Further processing of integrated circuit 10 is required prior to its intended use. In one embodiment, integrated circuit 10 can be wrapped around a battery (not shown) to provide continuous charging. In this embodiment, integrated circuit 10 will be fabricated to include a plurality of solar cells 12 adjacent one another and connected in a series arrangement. Metal bus bars (not shown) can be used to interconnect solar cells 12 and diodes 14. Solar cells 12 and diodes 14 can, for example, be interconnected in a manner described in application Ser. No. 131,416, filed Dec. 10, 1987, entitled "Interconnected Semiconductor Devices". When integrated circuit 10 is used in this manner, Schottky diodes 14 can be connected in series and used as blocking diodes to prevent discharge of the battery through solar cell 12. Diodes such as 14 can also be used in conjunction with solar cells 12 as "bypass" diodes. Any conventional and known technique can be used to interconnect diode 14 to solar cell 12.
A second preferred embodiment of the present invention, integrated circuit 100, is illustrated in FIG. 11. Integrated circuit 100 is similar to that of integrated circuit 10 previously described, and identical reference symbols are used to describe identical portions. Integrated circuit 100 includes p-i-n solar cell 12 fabricated adjacent to a Schottky barrier diode 14' on a common metallized substrate 17. As is evident, the only difference between diode 14' and diode 14 is that a layer 36' of intrinsic-type hydrogenated amorphous silicon is deposited on silicon layer 26 in integrated circuit 100, as opposed to the n-type silicon layer 36 of diode 10. Integrated circuit 100 can be fabricated using the method described with reference to FIGS. 2-10 by removing mask 54 within miniature chamber 46, and omitting the deposition carried out in chamber 48. Diode 14' of integrated circuit 100 will not have the increased forward current density and associated advantages of diode 14 which result from the n-type silicon of layer 36.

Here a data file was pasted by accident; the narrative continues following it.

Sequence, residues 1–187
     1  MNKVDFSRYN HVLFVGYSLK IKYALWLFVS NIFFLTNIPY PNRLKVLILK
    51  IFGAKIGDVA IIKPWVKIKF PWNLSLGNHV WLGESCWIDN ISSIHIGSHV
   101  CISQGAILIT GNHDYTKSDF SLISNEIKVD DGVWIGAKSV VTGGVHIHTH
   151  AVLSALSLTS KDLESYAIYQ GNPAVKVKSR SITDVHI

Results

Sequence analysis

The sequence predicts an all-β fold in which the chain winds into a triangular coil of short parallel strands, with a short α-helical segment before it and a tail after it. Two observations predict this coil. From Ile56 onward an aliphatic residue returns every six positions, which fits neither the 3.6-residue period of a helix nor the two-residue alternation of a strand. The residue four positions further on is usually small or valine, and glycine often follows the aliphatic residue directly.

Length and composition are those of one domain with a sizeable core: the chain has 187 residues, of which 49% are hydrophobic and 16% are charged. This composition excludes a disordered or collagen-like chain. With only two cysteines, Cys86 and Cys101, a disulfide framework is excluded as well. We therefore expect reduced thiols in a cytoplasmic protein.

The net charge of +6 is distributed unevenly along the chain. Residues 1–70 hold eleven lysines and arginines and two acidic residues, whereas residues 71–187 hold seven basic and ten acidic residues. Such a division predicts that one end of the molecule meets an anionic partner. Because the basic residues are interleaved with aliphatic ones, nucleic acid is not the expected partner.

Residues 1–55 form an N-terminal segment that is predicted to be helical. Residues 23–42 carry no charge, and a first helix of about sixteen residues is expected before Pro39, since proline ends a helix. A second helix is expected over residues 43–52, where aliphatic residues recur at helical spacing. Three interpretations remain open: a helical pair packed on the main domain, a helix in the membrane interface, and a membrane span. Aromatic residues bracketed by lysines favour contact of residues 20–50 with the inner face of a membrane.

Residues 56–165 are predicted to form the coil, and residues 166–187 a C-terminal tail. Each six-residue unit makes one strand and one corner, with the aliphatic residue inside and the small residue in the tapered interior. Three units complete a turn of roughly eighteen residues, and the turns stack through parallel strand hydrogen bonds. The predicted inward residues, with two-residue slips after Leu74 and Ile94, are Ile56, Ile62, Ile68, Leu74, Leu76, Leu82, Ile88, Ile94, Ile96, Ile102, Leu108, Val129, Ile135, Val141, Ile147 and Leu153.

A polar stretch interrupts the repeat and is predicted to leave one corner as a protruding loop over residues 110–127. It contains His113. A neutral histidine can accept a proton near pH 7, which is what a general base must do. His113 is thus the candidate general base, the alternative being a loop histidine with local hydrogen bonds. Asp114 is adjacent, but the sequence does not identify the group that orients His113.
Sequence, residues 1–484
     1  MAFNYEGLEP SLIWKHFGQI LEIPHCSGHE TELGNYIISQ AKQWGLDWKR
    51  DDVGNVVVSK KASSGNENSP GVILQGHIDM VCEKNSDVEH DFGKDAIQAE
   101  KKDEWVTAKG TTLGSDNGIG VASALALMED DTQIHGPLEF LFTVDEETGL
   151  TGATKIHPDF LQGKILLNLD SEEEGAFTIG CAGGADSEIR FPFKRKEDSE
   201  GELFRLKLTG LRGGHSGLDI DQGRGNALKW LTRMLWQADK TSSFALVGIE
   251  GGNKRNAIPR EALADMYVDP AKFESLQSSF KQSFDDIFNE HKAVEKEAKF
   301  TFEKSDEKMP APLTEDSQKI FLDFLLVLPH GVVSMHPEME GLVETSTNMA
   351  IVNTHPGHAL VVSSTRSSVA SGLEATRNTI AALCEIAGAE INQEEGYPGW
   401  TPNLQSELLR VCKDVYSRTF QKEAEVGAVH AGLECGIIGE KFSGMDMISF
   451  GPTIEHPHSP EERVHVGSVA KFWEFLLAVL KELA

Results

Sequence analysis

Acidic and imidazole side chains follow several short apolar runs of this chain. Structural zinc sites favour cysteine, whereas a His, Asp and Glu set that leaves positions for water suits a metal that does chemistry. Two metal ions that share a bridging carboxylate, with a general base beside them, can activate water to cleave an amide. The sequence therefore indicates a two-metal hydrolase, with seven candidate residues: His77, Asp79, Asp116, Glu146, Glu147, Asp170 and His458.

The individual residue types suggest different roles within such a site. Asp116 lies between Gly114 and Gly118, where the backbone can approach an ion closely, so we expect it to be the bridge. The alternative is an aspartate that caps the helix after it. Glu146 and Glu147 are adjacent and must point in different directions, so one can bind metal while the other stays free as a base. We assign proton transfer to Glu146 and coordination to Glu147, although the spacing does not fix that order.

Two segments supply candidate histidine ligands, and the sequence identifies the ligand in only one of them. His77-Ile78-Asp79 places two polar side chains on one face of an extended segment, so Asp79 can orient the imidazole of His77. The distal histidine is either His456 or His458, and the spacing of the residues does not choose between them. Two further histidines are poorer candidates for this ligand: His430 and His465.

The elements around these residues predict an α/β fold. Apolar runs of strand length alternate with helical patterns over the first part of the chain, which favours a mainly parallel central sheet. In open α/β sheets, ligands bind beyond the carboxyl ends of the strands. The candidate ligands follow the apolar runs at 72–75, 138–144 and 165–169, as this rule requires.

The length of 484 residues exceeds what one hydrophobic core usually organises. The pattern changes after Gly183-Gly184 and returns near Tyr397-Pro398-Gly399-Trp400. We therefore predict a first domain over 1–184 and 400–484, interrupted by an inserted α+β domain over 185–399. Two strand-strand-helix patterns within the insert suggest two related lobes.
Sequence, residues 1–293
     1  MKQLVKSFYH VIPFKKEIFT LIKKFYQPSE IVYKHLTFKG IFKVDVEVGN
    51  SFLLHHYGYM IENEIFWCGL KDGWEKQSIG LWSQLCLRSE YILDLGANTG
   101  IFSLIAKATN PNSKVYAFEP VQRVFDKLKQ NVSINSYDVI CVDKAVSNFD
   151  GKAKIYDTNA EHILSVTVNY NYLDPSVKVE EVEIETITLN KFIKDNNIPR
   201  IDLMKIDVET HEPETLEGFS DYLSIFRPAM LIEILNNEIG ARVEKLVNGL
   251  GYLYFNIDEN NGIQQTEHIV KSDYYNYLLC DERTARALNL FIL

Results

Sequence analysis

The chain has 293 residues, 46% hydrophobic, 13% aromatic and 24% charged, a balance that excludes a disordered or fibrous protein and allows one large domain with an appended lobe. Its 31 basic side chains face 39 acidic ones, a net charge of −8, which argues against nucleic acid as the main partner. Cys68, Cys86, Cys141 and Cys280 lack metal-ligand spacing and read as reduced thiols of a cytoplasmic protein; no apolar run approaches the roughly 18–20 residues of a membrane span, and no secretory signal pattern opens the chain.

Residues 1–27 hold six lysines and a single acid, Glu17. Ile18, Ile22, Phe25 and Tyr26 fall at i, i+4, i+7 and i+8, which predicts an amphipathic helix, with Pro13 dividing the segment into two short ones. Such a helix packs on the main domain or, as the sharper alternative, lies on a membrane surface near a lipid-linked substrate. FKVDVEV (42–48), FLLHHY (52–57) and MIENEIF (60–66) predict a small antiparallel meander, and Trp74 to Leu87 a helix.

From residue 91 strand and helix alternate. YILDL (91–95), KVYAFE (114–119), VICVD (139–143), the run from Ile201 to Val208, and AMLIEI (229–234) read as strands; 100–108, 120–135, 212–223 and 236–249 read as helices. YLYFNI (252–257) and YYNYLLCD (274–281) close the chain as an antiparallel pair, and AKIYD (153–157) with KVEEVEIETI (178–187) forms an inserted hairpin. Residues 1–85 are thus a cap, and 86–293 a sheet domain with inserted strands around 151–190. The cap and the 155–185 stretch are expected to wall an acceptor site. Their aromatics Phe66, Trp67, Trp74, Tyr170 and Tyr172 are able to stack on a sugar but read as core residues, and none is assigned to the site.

Although the present invention has been described with reference to the preferred embodiments, those skilled in the art will recognize that changes may be made in form and detail without departing from the spirit and scope of the invention.
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|U.S. Classification||257/459, 257/E27.123, 257/757, 136/244, 257/E31.042, 257/450, 136/258, 136/245|
|International Classification||H01L31/0224, H01L31/20, H01L27/142, H01L31/0392|
|Cooperative Classification||H01L27/142, H01L31/206, Y02E10/50, H01L31/022425, H01L31/03921|
|European Classification||H01L31/20C, H01L27/142, H01L31/0224B2, H01L31/0392B|
|May 21, 1996||REMI||Maintenance fee reminder mailed|
|Oct 13, 1996||LAPS||Lapse for failure to pay maintenance fees|
|Dec 24, 1996||FP||Expired due to failure to pay maintenance fee|
Effective date: 19961016